Phoenix officials have not kept track of who's been kicking back in the city-owned suite at the U.S. Airways Center watching Phoenix Suns games or rocking out to legends like Elton John.
But they're supposed to, according to their own policy.
The shoddy record-keeping, which goes back to at least 2005, leaves the suite open to abuse, and it allows elected officials to attend events while keeping their names off the books.
Councilman Claude Mattox, a Phoenix mayoral hopeful, says he attended at least three concerts, but his name only appears once on the list Phoenix released to New Times.
Mattox says he got the Billy Joel/Elton John tickets through the city, but paid for them out of his own pocket and didn't sit in the suite for that concert. City records, however, have him listed as a recipient of a seat in the box, along with former Economic Development Director Don Maxwell and a business prospect from Washington, D.C.
There could have been other concerts -- Eric Clapton, The Police, The Eagles. But Mattox says that he's attended so many concerts over the years, he can't remember whether he was in the city suite for the performances or whether he paid for the tickets.
Phoenix owns the U.S. Airways Center and has an operating agreement with the Phoenix Suns for control of one of the suites in the venue. The Community and Economic Development Department (CED) is responsible for the 12-seat suite, which is primarily intended to foster economic development by wooing corporate executives and others who might do business with Phoenix.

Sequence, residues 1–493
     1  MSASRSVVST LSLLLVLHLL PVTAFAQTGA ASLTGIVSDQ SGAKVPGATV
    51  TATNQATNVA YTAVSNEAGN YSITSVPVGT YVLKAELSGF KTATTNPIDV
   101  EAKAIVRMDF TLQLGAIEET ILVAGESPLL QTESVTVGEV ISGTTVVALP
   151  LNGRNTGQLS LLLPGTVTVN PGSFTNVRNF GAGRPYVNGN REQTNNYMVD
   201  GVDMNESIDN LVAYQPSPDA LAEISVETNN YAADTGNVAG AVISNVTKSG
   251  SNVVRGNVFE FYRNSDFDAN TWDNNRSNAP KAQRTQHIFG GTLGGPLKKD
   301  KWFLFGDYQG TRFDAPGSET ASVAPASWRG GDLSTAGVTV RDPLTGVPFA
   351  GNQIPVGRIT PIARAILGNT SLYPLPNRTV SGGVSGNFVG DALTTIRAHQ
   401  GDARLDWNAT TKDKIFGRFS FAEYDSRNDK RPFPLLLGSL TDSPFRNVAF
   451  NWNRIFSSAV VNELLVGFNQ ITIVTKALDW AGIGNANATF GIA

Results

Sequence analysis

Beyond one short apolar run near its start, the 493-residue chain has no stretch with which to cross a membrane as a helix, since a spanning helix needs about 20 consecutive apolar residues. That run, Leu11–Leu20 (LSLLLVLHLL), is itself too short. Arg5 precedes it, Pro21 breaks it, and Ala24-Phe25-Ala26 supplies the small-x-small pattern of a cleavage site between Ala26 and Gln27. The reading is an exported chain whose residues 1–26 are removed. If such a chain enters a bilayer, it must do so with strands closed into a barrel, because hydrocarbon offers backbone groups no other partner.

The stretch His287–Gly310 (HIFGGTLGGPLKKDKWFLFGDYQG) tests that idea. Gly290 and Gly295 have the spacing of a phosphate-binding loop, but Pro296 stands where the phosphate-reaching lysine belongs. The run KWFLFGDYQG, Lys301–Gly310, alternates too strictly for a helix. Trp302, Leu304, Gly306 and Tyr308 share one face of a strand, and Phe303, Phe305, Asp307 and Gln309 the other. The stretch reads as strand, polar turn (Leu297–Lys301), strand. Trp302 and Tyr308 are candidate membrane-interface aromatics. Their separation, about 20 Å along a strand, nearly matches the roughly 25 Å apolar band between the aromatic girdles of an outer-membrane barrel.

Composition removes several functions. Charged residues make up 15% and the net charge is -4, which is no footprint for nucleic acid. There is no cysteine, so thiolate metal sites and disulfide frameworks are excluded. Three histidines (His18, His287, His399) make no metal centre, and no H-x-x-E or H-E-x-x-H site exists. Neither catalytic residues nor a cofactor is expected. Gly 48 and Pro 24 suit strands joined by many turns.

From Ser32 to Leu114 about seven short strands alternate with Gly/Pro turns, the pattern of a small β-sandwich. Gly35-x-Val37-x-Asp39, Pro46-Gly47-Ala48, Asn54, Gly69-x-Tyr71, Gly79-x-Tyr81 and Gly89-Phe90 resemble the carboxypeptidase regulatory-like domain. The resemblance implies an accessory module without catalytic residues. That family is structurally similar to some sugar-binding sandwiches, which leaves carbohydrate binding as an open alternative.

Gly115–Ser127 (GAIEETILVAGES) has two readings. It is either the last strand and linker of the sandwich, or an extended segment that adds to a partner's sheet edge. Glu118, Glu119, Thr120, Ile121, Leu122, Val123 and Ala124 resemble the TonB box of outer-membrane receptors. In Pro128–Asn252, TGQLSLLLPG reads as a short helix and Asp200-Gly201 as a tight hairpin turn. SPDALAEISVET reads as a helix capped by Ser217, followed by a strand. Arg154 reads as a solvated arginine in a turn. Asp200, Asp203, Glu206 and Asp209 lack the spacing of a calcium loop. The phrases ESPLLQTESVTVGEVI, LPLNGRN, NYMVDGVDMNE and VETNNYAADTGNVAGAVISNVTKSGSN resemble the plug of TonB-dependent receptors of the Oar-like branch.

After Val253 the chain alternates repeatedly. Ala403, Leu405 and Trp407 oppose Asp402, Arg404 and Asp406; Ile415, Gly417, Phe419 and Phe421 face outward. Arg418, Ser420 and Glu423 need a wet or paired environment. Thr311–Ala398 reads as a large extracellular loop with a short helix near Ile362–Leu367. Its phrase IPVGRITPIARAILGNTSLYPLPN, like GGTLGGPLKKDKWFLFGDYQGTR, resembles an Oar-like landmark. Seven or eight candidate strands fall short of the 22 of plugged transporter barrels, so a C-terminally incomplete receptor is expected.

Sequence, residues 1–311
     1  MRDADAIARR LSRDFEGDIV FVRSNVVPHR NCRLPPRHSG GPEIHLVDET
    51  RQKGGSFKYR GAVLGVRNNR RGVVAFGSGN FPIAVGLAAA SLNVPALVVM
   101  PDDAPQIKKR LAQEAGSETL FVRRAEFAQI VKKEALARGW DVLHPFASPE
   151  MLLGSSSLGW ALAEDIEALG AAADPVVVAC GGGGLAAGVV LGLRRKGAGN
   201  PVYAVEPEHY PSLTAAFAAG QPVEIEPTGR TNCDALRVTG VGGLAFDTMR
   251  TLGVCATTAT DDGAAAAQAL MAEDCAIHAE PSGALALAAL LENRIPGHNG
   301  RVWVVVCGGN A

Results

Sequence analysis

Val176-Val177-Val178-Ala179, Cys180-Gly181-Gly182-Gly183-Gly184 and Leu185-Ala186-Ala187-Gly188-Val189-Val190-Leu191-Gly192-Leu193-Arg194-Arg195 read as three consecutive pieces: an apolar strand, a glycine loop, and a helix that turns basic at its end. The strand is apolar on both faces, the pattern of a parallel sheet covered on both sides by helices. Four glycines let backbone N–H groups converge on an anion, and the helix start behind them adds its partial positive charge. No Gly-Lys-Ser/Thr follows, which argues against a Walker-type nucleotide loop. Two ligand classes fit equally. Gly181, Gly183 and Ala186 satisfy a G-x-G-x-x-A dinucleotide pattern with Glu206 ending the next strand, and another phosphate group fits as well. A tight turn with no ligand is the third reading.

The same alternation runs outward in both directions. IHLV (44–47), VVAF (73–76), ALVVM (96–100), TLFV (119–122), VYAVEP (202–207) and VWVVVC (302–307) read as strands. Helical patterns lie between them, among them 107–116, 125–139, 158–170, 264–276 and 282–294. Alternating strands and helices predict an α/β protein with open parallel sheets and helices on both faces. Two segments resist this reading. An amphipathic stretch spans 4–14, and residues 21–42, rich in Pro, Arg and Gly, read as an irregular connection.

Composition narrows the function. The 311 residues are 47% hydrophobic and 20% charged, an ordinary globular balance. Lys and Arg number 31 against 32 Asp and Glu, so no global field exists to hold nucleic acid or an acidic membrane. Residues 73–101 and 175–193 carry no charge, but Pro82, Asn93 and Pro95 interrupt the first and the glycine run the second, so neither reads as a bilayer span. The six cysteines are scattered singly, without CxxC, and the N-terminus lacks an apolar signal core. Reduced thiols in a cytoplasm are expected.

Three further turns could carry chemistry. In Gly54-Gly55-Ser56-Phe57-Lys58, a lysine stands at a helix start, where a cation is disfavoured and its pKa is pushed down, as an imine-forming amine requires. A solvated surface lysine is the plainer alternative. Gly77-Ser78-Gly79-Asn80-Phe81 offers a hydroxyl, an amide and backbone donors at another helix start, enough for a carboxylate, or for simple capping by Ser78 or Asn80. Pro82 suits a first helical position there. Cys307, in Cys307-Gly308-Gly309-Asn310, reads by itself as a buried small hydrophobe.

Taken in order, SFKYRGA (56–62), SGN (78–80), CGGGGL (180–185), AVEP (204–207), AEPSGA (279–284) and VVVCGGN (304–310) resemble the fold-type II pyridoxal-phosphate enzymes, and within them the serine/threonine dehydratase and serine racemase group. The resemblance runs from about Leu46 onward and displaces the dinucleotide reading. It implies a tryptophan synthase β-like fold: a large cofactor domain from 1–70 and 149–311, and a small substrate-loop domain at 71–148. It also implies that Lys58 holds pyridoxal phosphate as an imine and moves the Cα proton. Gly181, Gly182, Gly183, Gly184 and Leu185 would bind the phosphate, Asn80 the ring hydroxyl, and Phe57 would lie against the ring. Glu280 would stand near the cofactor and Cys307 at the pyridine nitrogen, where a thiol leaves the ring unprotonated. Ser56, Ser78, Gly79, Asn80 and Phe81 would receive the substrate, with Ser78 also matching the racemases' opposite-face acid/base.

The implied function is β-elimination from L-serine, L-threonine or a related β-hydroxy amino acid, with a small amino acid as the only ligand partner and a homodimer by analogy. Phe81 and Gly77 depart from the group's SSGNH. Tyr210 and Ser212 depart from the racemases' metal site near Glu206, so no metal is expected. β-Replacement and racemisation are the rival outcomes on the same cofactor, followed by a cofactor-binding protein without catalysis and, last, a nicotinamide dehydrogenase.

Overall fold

Mattox says he only accepts suite tickets free of charge if he's invited by Phoenix economic development officials.
"The bottom line is that when the economic development department hosts individuals [in the suite], they like to have elected officials there," Mattox says. "It gives them some face time with an elected official."
According to city records, there is rarely an elected official present when economic development officials are hosting a delegation of business leaders. They may not be on the guest list, but it is clear that they are there.
Councilwoman Peggy Neely, who is exploring the idea of running for Phoenix mayor, previously told New Times that she attended an event in the box, but her name is also absent from the city records.
Former Councilman Greg Stanton, a mayoral candidate, says he took a different approach to the invites he received during his time on the council.
"I was offered tickets in the past, but I made it clear early on that I didn't think it was right," he tells New Times. "The city should sell back the tickets to bring in much-needed revenue for the city and eliminate a culture of entitlement that too often exists."
Selling the suite to other organizations is an option Phoenix has. And given that city officials are pinching pennies to overcome a $59 million budget shortfall, why wouldn't they relish the opportunity to raise extra city revenue?
In the past five years, the city sold the suite 35 times and added $77,000 to the city's budget.
It may not seem like a lot of money, but the city's Innovation and Efficiency Task Force found more than $10 million in savings last year by doing things like eliminating paper pay stubs -- a savings of $85,000.